Swine Disease

Last Modified: April 06, 2024
A large pig sits on top of hay in a fenced enclosure.

We prevent and control swine diseases to protect the health, quality, and marketability of U.S. pigs.

Swine Health Services and Activities

Biosecurity is a vital part of keeping your animals healthy. It reduces the chance of infectious disease entering or spreading on your farm.

There are actions you can take to protect pigs with outdoor access from diseases such as African swine fever:

  • Keep pigs healthy: Make sure your pigs are properly fed, have access to fresh water and clean sleeping areas, and vaccinated.
  • Buy or borrow from disease-free herds.
  • Keep pastures, housing, and your farm clean.
  • Keep wildlife and insects under control.
  • Don't carry disease home: Make sure visitors, pigs, and yourself are free of disease before entering your farm.
  • Write a farm biosecurity plan: Use it, review it, and update it.

Learn More

Garbage feeding has caused swine disease outbreaks in many countries around the world, which negatively impacted swine health and were costly to control. Congress passed the Swine Health Protection Act in 1980 to better protect our country’s swine herd.

APHIS works with States to enforce the Swine Health Protection Act, which provides rules for feeding human food waste to pigs. This practice, known as "garbage feeding," can spread harmful diseases to swine, including foreign animal diseases such as foot-and-mouth disease, African swine fever, and classical swine fever.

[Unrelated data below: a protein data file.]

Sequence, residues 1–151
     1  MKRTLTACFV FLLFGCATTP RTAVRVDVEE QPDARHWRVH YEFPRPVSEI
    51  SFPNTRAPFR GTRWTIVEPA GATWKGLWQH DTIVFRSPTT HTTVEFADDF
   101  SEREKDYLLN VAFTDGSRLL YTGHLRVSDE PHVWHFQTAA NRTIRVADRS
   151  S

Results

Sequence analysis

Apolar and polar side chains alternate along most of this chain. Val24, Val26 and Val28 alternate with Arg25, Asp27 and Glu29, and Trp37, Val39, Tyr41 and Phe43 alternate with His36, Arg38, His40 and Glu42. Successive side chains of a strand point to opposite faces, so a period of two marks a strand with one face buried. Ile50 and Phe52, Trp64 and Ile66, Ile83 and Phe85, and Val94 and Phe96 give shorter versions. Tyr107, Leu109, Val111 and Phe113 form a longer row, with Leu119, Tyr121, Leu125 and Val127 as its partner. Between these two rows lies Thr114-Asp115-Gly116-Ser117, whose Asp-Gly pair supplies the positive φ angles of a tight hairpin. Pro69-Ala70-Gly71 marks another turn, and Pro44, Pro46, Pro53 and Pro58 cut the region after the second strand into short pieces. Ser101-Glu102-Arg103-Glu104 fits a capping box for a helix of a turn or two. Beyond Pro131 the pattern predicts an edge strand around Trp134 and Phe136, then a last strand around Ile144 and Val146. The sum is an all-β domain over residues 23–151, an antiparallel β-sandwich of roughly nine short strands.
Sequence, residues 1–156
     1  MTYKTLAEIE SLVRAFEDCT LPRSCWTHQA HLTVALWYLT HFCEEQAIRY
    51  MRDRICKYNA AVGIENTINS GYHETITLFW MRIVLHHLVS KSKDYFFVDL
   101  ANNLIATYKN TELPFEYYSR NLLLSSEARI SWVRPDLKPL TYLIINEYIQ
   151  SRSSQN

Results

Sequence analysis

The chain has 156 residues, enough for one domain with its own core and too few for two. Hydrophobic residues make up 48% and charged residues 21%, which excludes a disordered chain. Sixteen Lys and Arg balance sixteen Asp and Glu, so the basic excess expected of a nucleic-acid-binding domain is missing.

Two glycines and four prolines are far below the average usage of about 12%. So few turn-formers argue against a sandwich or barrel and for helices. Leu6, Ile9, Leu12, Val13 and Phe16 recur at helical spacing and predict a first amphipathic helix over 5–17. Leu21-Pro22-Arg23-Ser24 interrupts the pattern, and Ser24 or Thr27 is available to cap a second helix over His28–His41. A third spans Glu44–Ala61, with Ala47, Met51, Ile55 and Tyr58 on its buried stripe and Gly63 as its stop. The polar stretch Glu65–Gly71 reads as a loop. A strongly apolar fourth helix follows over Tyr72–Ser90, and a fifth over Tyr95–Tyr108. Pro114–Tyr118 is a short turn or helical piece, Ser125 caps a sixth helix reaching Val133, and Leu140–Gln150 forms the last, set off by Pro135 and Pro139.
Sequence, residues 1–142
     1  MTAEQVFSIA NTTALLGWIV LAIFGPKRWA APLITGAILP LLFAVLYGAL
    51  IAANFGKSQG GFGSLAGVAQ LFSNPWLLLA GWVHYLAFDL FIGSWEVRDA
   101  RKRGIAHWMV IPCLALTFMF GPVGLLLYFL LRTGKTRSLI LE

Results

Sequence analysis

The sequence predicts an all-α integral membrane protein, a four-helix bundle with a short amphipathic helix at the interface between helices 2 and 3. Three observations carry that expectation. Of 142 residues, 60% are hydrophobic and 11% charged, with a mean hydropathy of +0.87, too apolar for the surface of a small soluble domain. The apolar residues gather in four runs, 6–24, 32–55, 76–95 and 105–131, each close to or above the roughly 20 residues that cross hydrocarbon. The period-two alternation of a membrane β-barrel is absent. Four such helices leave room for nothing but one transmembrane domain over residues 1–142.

Under the Swine Health Protection Act, owners must be licensed in order to feed their pigs human food waste that contains or has had contact with meat, poultry, or fish. The requirement applies to all garbage collected from food production establishments like restaurants, school cafeterias, and food processing plants.

To kill any harmful viruses or bacteria, this food waste must be cooked to 212 degrees Fahrenheit for 30 minutes before feeding it to the pigs. Licensed producers receive routine inspections from APHIS or State employees to make sure garbage fed to swine undergoes proper cooking and handling to prevent possible disease transmission.

Getting a License

The Swine Health Protection Act allows each State to determine whether garbage feeding is allowed within their State. Many States do not allow garbage feeding.

If a State allows garbage feeding, each producer must obtain a license before feeding any human food waste to their pigs. The licensing process requires the pig producer to demonstrate appropriate cooking and handling of garbage used to feed swine. The State also develops the structure for enforcing the Swine Health Protection Act in their State. In some States, this is handled by State employees. In other States, APHIS and State employees work together to enforce the Swine Health Protection Act.

View our map to check enforcement status by State (1.54 MB)

APHIS Wildlife Services conducts surveillance and research on dozens of wildlife diseases, including diseases associated with feral swine. For more information, visit our National Wildlife Disease Program and National Wildlife Research Center.

Our National Feral Swine Damage Management Program also offers related resources.